Kyu:  I continue to read actual, you know, books. This month I discovered a harrowing metaphor for contemporary politics in an obscure 1970s British sci-fi novel by Christopher Priest (author of The Prestige). The novel, The Inverted World, begins as the bog-standard story familiar particularly with today’s YA fiction–a young man in a vaguely restructured-from-what-we-know society marks his growth to manhood by following his father’s footsteps into the mysterious Guilds that run his city. Apprenticing to each in turn, the young man begins to learn about his environment–including the fact that the city, somehow transported from Earth to an alien planet hundreds of years ago, is determined to traverse the landscape in an unending north-bound track through sheer bloody-minded effort. The young man assists in the efforts to move the city on a series of rails (which are planted in front of the city structure, traversed, dug up, moved around in front, and planted again ad infinitum) before he even knows the reasons why–where they’re trying to go, and more importantly, from what in the South they flee. The answers are as surreal as in any sci-fi story I’ve read. But equally disconcerting, and deeply relevant to our lives today, is that some of the city’s residents do not believe this threat actually exists, and demand an end to the city’s ceaseless journey. When two people operate on entirely different sets of facts, when they disagree on not just the solutions but the existence of the problems, dangerously intractable political divisions can result. The Inverted World asks you to contemplate what it would mean for everything you know about your life and your purpose to be a lie–and whether you should accept that new understanding, or fight for your truth with everything you have. No author is better than Priest, here and in his many other novels, at inventing an absurd duality of perception and then taking that concept to its utmost logical and emotional conclusions. In his dry, sparse prose, The Inverted World turns everything you think you know upside down.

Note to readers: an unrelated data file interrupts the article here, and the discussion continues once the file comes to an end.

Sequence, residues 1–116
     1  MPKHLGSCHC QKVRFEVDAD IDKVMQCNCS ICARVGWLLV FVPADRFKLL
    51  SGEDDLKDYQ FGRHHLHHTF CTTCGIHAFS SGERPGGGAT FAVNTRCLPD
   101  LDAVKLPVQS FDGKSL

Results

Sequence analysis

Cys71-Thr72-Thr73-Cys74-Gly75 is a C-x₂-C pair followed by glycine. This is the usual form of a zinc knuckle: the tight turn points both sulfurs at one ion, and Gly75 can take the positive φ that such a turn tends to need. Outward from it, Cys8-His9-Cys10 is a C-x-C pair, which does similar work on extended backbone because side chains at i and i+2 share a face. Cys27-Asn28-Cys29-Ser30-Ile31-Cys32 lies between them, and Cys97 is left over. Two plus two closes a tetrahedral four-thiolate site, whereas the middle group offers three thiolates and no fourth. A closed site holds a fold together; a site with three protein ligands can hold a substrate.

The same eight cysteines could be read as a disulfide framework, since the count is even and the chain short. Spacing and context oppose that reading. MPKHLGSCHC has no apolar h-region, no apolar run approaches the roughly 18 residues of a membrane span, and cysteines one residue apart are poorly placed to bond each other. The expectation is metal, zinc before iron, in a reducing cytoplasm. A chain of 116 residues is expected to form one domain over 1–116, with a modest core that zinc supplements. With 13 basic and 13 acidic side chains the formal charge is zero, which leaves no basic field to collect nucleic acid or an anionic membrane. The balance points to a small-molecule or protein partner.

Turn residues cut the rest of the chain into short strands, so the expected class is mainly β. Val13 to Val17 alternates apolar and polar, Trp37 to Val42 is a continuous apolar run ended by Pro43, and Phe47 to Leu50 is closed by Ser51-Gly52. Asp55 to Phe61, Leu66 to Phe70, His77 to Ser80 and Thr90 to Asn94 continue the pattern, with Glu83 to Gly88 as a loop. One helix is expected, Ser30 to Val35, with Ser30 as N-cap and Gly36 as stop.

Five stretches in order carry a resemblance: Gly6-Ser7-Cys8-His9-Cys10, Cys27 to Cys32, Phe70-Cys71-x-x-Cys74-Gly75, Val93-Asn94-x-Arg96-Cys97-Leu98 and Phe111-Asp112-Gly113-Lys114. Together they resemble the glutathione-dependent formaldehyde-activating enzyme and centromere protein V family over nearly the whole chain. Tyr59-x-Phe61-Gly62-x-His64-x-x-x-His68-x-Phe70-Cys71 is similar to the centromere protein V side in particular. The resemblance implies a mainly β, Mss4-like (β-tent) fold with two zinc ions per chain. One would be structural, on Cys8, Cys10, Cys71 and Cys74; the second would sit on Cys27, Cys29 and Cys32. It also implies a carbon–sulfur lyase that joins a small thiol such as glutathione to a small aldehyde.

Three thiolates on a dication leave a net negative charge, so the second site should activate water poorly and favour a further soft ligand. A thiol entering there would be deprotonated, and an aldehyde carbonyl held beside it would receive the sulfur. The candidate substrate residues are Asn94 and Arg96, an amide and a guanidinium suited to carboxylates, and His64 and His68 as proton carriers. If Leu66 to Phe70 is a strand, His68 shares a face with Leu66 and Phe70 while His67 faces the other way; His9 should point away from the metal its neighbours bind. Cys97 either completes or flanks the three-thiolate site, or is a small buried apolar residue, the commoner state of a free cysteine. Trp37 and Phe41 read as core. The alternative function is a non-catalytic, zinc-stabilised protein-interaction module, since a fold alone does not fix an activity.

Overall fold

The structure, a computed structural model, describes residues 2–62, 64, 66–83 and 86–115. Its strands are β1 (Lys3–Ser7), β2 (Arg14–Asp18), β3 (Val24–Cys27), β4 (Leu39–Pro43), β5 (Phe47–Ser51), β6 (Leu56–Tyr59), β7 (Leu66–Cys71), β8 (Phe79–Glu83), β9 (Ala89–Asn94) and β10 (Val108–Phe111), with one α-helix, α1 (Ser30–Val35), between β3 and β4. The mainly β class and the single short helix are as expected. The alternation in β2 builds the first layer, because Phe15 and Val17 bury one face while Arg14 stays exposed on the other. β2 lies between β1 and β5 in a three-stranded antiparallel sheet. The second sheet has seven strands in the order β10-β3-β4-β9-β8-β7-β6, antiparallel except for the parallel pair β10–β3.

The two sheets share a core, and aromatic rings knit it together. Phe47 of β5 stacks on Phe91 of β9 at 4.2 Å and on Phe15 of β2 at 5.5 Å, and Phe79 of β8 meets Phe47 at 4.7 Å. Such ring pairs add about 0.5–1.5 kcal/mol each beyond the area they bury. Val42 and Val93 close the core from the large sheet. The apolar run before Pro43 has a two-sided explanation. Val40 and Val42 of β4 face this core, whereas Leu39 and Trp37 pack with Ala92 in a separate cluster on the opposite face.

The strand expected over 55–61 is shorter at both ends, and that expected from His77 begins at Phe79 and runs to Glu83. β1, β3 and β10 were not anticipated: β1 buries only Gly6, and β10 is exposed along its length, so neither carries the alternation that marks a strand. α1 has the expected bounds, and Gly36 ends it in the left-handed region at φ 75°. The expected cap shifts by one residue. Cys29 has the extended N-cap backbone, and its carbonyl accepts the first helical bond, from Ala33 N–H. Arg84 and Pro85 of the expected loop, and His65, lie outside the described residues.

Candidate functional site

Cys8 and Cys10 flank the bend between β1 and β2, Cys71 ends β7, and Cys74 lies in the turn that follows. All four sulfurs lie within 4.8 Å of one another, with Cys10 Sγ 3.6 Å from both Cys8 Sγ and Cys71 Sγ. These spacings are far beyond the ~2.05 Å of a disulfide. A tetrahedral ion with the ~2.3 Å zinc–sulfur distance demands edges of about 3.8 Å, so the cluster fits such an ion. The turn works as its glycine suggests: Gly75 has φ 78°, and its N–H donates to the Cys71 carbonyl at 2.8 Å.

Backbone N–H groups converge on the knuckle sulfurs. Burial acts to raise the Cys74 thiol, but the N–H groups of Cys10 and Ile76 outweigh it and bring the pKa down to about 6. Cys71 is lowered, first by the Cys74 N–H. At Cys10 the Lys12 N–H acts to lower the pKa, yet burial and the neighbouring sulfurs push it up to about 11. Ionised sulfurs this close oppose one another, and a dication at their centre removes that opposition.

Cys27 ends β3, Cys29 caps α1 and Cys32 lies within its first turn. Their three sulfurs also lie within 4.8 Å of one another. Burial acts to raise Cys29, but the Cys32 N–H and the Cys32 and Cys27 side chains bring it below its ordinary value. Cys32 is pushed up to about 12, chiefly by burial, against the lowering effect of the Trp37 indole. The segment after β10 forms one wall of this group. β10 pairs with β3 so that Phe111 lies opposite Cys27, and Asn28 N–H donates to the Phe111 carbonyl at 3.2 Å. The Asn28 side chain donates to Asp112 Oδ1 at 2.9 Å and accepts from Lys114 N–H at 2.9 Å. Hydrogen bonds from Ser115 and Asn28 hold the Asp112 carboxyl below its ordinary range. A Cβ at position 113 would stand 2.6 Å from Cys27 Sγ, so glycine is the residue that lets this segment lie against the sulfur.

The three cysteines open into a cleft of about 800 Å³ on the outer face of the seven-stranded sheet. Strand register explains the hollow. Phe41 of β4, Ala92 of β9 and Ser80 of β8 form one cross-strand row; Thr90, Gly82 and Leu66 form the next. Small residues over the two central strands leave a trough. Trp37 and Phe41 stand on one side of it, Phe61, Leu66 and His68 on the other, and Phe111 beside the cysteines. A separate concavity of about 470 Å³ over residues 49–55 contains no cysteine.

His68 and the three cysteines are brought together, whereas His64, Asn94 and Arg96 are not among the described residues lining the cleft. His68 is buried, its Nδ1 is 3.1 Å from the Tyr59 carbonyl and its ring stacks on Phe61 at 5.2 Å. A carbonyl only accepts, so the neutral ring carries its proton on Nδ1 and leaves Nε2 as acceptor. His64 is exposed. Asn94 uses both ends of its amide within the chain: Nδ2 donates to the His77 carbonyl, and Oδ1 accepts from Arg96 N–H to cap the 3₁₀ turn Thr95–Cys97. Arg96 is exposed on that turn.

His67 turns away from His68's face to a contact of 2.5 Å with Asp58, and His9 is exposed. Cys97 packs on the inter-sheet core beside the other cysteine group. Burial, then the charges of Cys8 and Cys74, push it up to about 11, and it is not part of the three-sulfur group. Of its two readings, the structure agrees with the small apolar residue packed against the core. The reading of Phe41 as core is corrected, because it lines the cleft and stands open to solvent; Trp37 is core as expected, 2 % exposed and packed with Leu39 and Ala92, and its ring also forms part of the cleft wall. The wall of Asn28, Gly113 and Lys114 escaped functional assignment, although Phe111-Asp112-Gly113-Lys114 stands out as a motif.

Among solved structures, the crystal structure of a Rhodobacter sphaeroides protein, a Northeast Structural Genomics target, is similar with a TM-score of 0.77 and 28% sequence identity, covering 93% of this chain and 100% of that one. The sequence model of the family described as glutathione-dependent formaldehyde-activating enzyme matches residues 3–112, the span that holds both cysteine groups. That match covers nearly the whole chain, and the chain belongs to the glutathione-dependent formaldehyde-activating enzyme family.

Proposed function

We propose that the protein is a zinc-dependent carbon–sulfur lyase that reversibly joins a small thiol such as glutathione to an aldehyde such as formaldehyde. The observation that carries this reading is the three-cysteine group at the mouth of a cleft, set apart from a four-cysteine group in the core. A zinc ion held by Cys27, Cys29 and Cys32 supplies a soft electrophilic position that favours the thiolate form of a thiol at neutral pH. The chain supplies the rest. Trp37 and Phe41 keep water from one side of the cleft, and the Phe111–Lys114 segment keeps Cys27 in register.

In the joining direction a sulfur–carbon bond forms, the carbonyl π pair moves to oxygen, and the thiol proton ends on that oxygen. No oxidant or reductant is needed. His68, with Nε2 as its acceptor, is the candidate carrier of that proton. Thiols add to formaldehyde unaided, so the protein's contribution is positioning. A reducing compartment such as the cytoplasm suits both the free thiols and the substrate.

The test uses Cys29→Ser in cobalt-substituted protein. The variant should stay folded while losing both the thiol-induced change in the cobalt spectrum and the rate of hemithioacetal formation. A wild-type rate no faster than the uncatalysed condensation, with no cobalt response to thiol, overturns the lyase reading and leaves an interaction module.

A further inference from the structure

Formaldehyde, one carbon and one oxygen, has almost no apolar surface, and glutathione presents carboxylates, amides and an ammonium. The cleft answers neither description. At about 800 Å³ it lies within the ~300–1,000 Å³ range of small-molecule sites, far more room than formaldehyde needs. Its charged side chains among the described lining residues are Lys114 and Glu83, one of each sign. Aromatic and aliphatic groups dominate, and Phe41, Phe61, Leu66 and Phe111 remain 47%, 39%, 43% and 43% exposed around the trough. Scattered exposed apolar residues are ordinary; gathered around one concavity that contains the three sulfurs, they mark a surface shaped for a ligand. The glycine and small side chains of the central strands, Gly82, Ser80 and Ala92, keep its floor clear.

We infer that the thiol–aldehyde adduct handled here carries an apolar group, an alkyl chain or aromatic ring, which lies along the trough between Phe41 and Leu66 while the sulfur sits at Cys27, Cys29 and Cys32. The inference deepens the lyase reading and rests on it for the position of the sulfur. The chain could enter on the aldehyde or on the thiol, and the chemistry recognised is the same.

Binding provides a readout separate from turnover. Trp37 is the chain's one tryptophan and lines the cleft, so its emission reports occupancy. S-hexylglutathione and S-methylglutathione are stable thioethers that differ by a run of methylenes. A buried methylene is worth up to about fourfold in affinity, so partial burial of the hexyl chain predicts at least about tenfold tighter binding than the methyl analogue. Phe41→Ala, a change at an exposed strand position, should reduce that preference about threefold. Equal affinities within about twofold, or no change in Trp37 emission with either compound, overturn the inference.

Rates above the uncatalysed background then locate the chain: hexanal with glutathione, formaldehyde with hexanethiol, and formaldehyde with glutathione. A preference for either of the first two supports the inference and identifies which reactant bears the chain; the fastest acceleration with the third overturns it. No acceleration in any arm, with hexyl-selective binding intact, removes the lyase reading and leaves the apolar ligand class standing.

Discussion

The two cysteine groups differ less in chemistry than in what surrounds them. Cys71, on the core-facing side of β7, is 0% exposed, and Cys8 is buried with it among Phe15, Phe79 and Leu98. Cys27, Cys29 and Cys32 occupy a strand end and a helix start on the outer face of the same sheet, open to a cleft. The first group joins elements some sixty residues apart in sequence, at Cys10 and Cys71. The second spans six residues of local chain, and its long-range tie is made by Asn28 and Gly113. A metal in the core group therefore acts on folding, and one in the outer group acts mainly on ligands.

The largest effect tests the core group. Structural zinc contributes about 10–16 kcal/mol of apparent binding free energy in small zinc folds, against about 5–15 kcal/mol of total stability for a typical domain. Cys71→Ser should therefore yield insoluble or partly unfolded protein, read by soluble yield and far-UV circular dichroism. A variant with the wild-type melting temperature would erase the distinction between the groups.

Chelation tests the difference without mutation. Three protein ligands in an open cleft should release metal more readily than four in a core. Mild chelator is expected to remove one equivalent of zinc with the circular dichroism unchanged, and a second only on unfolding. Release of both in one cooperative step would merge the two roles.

David: So I am late to this party, but in case no one knows, there is a comic about The Flintstones, and more importantly, it is amazing. Mark Russell and Steve Pugh team up to create a comic that took a show that was nothing more than a cartoon parody of the Honeymooners, and make it into something full of real, biting social commentary. You will not go into this comic expecting the feels, but by God you will get them. This comic is a treat, and a must read for everyone.


That’s it for this month. June continues to be the weird month between the glory of May and the chaos of July, so enjoy the month that gets summer truly started.